Facing the fast transformation of jobs and skills, and the disruptive aspirations of Millennials, managing the workforce is increasingly challenging for companies. To better understand the range of today’s workforce-management issues, we undertook a global study of 1,000 venture-backed, HR startups. Like many other startups, today’s new HR firms are big-data firms applying algorithms to understand what cognitive skills apply to what jobs and company cultures, what motivates employees, and how to geo-match talent with location. We identified eight unconventional solutions that HR departments should consider as they grapple with hiring, retaining, and retraining the workforce of tomorrow (with examples of what specific startups are doing).
1. Dynamic measurement of employee behavior. Tools that allow employees to share their feelings and feedback in real-time, and even evaluate their peers and managers, can create statistical dashboards useful for benchmarking managers and employees.
Example: Zest, a mobile app that allows employees to share their feelings, opinions, and ideas with management, and to form collaborative teams.
2. Personalized compensation schemes for employees. Large enterprises cannot afford to compromise on their overall compensation strategy. Nor can they ignore one-on-one consideration of individual employees, because no two people are in exactly the same boat.
Example: Beqom, an HR cloud solution that addresses all individual performance and compensation aspects, such as salary review, bonuses, long-term incentives, commissions, benefits, non-cash rewards. The emphasis is on tracking key drivers of employee performance.
3. Predictive analytics to target new hires. Smart screening tools use various techniques to sort numerous applications to find candidates that best match the selection criteria—in terms of technical, behavioral, and cognitive skills.
Example: Goshaba’s Smart Screening has a Cognitive Gaming function to analyze the cognitive skills of candidates, identify those who will be best suited to the company's culture, and a talent-mapping tool to identify best positions.
“HR” and “innovation” are not typically words uttered in the same breath, but that is what is needed to keep pace with the rapid transformation of jobs and employee attitudes.
4. Real-time and geo-located job matching. Especially for firms with dynamic demand for workers with different skills in different locations, machine-learning tools can optimize the matching process.
Example: Qapa, a platform that uses an algorithm to connect job seekers and recruiters. Qapa has a database of 4.5 million candidates, and 45,000 companies. Candidates and firms use the platform for free, and pay a commission for a match.
5. Intelligent employee retention and placement. Every company struggles to predict which employees are likely to leave, and whether some employees might perform better in a different role. Algorithms trained to understand a company’s needs are then trained to identify employee traits and make the best possible job match.
Example: Clustree, a SaaS platform, analyzed 250 million existing career pathways across 100 countries and more than 200 industries to help large companies assess the skills of their employees, or how to reskill or redeploy them in other jobs.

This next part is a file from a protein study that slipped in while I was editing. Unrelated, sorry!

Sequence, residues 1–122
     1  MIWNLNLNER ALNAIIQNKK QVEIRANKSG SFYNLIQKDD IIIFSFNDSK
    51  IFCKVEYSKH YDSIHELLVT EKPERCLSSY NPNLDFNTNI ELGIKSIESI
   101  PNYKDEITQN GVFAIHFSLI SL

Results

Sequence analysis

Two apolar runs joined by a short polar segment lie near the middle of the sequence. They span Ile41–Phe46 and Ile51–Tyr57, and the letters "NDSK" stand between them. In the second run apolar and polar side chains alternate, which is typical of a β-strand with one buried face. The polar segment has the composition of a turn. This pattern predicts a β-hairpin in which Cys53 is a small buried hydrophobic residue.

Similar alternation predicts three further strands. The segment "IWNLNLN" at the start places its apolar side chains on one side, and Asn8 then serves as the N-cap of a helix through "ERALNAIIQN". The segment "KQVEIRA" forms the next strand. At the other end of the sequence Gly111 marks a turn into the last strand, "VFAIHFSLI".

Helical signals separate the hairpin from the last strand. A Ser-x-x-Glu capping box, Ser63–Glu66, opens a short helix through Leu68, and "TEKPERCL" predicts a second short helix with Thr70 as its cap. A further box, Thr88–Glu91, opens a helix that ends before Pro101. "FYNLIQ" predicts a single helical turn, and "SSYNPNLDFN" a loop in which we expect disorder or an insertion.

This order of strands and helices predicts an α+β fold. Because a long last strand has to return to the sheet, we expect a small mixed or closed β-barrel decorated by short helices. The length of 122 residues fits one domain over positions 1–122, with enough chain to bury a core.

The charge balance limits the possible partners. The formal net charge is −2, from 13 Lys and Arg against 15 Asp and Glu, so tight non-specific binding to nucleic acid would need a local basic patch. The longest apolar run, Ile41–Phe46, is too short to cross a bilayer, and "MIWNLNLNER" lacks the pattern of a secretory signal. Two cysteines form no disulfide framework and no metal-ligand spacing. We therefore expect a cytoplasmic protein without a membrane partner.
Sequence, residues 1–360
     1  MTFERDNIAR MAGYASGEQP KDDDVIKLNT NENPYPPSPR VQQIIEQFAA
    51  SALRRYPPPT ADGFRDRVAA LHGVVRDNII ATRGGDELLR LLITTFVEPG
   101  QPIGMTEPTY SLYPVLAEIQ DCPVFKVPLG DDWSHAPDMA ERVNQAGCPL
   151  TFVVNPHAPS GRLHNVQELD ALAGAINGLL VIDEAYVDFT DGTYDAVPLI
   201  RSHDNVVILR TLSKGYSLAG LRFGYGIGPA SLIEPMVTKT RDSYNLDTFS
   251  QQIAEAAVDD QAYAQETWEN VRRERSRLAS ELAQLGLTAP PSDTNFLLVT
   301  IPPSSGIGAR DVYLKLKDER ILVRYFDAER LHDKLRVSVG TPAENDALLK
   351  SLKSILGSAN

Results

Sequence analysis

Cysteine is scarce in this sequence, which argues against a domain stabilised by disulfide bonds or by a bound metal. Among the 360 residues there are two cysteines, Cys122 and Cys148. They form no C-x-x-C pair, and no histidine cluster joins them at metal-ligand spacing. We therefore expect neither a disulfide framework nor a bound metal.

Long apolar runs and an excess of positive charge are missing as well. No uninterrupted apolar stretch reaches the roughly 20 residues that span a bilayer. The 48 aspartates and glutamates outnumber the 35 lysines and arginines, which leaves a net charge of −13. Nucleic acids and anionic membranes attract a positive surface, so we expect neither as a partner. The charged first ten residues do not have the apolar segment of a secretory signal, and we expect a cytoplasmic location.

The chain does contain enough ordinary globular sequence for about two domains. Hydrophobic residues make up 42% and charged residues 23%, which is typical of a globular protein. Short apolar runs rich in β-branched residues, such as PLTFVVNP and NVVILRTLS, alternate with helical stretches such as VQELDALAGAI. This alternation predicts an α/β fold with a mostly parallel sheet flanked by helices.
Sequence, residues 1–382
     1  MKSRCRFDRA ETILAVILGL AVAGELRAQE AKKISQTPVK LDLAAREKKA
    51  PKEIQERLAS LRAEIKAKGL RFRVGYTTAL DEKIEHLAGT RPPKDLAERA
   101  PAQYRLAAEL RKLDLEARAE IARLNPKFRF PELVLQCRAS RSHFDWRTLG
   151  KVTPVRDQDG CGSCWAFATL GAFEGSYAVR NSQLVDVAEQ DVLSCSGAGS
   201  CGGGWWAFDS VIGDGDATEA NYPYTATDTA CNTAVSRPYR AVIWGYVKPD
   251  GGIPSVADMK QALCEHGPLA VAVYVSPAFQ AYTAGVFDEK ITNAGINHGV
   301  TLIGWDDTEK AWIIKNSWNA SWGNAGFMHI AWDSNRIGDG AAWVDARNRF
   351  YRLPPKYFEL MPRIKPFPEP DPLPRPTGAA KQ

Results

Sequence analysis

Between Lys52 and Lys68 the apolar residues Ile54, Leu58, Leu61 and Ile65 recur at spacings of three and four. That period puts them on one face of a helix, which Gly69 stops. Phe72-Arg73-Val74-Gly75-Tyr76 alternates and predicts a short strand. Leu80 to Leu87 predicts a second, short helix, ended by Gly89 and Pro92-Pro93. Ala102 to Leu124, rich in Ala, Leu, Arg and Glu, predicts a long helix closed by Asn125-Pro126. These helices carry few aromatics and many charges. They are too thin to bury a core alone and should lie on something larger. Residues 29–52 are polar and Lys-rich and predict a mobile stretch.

6. Intermediation platforms for digital freelancers. The competition for certain skills in certain fields often makes for exhausting job searches. Why not let the talent use a mobile platform to select their employer of choice, improving the odds of a successful match?
Example: Hopwork, a platform that connects 18,000 firms to 35,000 highly qualified independent workers with digital skills.
7. Fully automated HR services. Asserting control over 3rd parties via web or mobile connections adds a new real-time twist to classic outsourcing.
Example: PayFit provides basic payroll functions for French companies. PayFit lets HR departments enter data about their employees and then produces legally compliant paychecks, and notifies authorities about healthcare or retirement status.
8. Peer-to-peer and gamified learning. In great universities, they say, the best teachers are your peers. The same may be true in great companies, although employees are not naturally inclined to help people they are often competing against. But, in the age of social media and online gaming, employees can bond and learn through gaming.
Example: Klaxoon facilitates group interaction through quizzes, surveys, brainstorming activities, and instant messaging. Klaxoon Box is like a private internet for up to 40 participants at a time (Klaxoon cloud allows up to 1000 participants).
Companies must radically change the way they do HR, and studying (or partnering with) external startups that apply big-data analytics to automate recruitment, deployment, and administration is a starting point for HR innovation.
“HR” and “innovation” are not typically words uttered in the same breath, but that is what is needed to keep pace with the rapid transformation of jobs and employee attitudes. Startups are more attuned to current trends and issues, and more fluent with data analytics, than typical incumbent HR departments. Companies must radically change the way they do HR, and studying (or partnering with) external startups that apply big-data analytics to automate recruitment, deployment, and administration is a starting point for HR innovation.